Selecting A New Pope

Claudio Palmisano for The New York Times

Daniela Piermattei, left, leads a tour of the Pantheon based on Dan Brown’s "Angels & Demons," a best seller focusing on the Vatican
The Papacy: Art Invents What Few Really Know

PARIS, April 13 – With the papal conclave deadlocked, the 117 cardinals compromise on a Filipino as pope. When he is assassinated six months later by an Islamic suicide bomber, Cardinal Timothy John Mulrennan, the handsome, media-savvy archbishop of Newark, takes his place, becoming history’s first American pope.

So goes the story of "Conclave," an action-packed first novel published in 2001 by Greg Tobin, a writer from New Jersey. As a result of the death of Pope John Paul II and the conclave scheduled next week to choose his successor, Tor Books is reprinting it in a new paperback edition.

Steeped in ritual, shrouded in secrecy, the sealed forum in the Sistine Chapel where the world’s cardinals elect the pope is probably the oldest and most mysterious electoral body in the world. Laymen hungry to know more must rely largely on novels, films, television docudramas and speculative nonfiction. The accounts range from imaginative distortions of reality to scholarly tomes that can be informative yet dull.

But sometimes even the fiction proves prescient.

"The Shoes of the Fisherman," the 1968 film of the novel by Morris L. West, with Anthony Quinn as the pope, was panned by critics for what they considered an absurd plot. It tells the story of a Ukrainian ex-political prisoner who becomes pope, ministers directly to the faithful and prevents China from going to war – all in an era when the idea of a non-Italian, anti-Soviet, activist pope like John Paul II was considered impossible.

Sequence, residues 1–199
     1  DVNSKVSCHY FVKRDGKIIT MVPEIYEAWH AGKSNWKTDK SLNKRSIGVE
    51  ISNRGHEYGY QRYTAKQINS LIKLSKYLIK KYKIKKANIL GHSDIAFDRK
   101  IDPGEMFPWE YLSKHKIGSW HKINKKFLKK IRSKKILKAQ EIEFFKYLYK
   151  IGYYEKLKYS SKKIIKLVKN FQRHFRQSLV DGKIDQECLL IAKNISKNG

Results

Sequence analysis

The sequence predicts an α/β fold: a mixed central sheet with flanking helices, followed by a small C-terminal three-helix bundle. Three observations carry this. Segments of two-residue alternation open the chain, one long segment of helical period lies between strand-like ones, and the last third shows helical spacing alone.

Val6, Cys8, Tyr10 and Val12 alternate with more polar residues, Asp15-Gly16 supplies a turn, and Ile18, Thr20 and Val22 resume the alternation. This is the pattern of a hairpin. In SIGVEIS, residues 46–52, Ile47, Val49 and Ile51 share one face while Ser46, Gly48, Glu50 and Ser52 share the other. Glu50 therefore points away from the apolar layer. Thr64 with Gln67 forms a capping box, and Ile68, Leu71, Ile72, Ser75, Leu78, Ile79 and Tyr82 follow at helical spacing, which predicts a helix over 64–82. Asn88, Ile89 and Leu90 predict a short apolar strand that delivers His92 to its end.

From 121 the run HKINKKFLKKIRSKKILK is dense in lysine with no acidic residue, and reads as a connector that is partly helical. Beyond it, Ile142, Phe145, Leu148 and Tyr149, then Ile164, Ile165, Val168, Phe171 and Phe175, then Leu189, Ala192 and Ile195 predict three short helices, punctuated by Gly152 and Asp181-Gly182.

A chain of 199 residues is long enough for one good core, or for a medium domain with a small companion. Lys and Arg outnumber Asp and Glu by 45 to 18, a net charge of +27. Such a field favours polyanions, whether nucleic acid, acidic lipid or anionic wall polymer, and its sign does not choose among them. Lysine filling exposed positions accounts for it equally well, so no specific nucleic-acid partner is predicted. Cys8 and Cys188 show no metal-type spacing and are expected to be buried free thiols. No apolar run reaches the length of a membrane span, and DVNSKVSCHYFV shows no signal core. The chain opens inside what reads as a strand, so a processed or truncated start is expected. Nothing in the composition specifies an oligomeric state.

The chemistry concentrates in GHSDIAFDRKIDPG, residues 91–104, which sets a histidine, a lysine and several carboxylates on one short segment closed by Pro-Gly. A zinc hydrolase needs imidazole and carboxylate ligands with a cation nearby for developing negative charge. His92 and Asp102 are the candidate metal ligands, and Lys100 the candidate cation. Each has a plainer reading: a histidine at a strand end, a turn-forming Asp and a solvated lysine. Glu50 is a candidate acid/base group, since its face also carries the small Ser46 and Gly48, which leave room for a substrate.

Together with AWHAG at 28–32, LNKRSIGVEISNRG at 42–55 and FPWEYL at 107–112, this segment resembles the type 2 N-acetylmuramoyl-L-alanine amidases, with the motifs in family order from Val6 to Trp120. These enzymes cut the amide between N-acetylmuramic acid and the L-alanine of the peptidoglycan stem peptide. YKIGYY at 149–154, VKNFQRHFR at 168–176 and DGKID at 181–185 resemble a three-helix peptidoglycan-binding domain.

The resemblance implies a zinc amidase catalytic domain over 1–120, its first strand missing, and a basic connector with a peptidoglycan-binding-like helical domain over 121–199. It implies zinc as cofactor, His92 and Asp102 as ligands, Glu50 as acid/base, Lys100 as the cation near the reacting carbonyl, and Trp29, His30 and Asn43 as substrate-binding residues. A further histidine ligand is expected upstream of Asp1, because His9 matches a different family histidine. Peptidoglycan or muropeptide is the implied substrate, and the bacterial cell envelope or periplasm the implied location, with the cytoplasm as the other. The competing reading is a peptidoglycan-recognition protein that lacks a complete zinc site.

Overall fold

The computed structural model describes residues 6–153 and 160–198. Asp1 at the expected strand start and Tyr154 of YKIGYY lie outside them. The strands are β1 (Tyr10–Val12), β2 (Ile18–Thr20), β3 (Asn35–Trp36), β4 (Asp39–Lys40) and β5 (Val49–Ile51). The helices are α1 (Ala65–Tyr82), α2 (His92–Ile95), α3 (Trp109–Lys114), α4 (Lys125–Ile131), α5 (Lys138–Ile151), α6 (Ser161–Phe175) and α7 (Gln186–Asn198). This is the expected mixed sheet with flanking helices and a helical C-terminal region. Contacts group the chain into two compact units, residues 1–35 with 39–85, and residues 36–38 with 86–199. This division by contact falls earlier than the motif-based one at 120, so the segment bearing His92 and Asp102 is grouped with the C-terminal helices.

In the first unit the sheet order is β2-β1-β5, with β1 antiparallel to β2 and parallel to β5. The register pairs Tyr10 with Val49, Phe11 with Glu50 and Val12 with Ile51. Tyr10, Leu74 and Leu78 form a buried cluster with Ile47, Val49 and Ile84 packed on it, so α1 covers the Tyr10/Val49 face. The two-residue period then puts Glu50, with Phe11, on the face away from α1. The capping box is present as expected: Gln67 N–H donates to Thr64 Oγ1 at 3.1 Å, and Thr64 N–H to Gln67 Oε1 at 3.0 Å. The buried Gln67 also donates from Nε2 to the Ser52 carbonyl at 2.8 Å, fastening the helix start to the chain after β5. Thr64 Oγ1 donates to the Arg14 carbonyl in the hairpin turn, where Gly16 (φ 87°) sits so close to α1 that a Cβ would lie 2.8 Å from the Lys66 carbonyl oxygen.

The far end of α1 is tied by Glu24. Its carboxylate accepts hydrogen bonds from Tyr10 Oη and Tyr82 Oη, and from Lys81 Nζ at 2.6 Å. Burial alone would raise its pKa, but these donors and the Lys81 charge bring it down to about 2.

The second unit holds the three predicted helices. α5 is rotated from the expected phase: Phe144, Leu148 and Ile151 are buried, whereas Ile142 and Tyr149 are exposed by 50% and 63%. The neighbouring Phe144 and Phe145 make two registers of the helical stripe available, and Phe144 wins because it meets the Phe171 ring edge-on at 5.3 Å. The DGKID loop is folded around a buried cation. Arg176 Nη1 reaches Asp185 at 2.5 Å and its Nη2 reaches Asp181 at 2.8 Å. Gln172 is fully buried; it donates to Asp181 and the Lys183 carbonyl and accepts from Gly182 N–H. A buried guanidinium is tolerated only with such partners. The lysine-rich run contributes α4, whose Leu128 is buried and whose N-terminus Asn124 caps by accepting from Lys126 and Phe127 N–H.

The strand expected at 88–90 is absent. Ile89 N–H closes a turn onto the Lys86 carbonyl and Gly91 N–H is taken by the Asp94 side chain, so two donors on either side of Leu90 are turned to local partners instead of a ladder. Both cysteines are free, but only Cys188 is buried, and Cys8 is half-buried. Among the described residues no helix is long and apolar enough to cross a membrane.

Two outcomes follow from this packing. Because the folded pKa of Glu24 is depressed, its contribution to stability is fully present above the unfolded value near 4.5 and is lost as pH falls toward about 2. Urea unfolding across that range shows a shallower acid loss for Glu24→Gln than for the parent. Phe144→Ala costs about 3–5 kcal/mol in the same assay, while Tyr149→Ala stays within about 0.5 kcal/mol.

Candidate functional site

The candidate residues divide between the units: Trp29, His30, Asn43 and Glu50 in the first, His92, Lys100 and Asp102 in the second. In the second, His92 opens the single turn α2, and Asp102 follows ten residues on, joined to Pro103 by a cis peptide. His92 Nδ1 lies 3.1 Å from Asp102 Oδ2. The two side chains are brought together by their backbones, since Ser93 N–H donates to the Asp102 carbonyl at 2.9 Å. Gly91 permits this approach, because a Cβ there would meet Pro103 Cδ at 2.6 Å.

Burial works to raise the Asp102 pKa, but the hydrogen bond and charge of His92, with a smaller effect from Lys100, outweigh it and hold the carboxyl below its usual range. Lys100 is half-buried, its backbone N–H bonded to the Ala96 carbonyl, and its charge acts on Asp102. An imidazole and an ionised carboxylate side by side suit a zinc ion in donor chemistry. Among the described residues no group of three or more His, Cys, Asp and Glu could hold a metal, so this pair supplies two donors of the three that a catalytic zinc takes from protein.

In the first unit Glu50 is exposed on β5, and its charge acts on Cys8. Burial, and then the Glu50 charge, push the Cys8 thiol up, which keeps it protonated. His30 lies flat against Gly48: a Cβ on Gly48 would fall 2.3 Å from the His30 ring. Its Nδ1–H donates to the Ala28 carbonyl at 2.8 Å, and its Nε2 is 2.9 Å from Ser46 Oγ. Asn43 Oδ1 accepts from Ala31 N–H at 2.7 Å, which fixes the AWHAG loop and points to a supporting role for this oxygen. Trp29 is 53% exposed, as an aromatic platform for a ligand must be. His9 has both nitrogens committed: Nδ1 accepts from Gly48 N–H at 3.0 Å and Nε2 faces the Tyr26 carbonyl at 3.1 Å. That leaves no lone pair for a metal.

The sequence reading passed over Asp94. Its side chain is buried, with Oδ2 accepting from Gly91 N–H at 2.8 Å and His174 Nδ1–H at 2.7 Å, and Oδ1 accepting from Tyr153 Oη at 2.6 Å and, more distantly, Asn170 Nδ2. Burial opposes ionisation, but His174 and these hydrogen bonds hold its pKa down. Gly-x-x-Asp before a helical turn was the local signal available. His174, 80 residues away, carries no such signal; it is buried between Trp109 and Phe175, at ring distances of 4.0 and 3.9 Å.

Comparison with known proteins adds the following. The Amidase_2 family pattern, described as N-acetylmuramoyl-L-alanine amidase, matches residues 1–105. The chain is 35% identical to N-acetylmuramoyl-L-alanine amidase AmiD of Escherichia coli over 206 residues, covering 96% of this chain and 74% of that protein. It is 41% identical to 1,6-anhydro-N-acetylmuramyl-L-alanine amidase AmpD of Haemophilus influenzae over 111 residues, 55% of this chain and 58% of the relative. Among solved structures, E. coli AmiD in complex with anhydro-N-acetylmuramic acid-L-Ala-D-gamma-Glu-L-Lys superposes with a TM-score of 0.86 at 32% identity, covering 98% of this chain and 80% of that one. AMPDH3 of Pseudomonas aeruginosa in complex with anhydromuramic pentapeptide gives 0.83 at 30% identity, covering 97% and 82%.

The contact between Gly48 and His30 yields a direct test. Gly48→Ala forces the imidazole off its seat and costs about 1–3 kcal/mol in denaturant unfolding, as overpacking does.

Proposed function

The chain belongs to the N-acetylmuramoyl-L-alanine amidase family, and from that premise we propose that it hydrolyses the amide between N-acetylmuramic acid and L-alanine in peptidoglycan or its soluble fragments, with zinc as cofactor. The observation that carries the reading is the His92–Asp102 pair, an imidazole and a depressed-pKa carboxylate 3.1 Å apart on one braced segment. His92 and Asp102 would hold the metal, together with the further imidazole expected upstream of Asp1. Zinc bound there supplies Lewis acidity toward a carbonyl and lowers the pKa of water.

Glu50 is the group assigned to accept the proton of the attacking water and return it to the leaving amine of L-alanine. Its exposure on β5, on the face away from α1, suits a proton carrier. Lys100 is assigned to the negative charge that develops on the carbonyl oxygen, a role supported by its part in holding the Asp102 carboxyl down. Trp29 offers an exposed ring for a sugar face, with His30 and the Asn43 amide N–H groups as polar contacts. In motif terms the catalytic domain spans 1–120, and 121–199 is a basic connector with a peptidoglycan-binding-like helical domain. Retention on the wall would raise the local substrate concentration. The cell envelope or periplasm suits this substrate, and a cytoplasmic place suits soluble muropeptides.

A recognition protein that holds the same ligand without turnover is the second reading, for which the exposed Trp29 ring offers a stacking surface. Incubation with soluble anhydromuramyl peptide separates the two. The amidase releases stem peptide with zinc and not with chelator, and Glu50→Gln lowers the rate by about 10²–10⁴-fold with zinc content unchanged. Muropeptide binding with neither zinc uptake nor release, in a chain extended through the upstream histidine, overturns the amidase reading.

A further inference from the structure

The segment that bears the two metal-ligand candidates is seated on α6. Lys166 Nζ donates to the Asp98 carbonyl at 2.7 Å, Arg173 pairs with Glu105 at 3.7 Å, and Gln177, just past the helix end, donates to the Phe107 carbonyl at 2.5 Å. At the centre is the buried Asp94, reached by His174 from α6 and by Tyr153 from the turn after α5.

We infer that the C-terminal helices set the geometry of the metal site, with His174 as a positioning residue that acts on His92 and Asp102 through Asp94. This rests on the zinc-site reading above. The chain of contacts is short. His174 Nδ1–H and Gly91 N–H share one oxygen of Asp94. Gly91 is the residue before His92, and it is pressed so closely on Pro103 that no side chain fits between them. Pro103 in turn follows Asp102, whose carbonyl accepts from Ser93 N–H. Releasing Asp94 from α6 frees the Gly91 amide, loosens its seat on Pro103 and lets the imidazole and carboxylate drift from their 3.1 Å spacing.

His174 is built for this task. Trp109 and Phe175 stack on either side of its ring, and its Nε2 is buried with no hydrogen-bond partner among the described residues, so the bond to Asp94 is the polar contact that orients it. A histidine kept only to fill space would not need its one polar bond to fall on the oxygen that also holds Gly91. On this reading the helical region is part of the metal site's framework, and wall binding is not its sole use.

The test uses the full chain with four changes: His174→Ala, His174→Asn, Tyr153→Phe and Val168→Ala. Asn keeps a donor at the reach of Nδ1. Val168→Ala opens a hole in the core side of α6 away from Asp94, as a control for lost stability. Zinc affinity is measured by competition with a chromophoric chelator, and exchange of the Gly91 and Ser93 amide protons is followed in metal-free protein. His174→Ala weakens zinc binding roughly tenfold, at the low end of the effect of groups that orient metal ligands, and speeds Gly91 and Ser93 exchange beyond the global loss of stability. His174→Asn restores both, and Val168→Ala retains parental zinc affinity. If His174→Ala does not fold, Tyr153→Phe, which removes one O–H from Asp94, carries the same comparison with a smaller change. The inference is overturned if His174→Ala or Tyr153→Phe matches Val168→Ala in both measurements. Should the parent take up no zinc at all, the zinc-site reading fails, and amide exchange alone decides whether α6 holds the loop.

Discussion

"Angels & Demons" (Atria, 2003), the current best seller by Dan Brown, is at least as improbable. The book – peppered with factual errors, papal scholars like to point out – tells the story of a Harvard scholar, Robert Langdon (also the hero of Mr. Brown’s "Da Vinci Code"), who helps save the Catholic Church from a bomb during a papal conclave convened after a pope is assassinated. The powerful camerlengo, or papal chamberlain, turns out to be the biological son of the dead pope, conceived through artificial insemination.

"The Vatican is really like a royal court full of intrigue and secrecy," said the Rev. Vincent O’Keefe, the former president of Fordham University, who spent nearly two decades in Rome. "Then there is the conclave that is such a mysterious process, with white smoke announcing the election of the pope."

"Ordinary people are not so much interested in how many persons there are in the Trinity," he added. "But they are hungry for all the inside stories."

Tell-all memoirs by cardinals of the goings-on inside a conclave do not exist, partly because of the grave consequences threatened for those who talk. (The only pope ever to have discussed the election process in an autobiography was Pius II in the 15th century.)

Despite the imposed secrecy, there was considerable leakage of information during the conclave that elected John Paul II in 1978. It was widely known in church circles at the time that Cardinal Carlo Confalonieri (who has since died) was the unnamed source in many journalists’ reports on the voting patterns.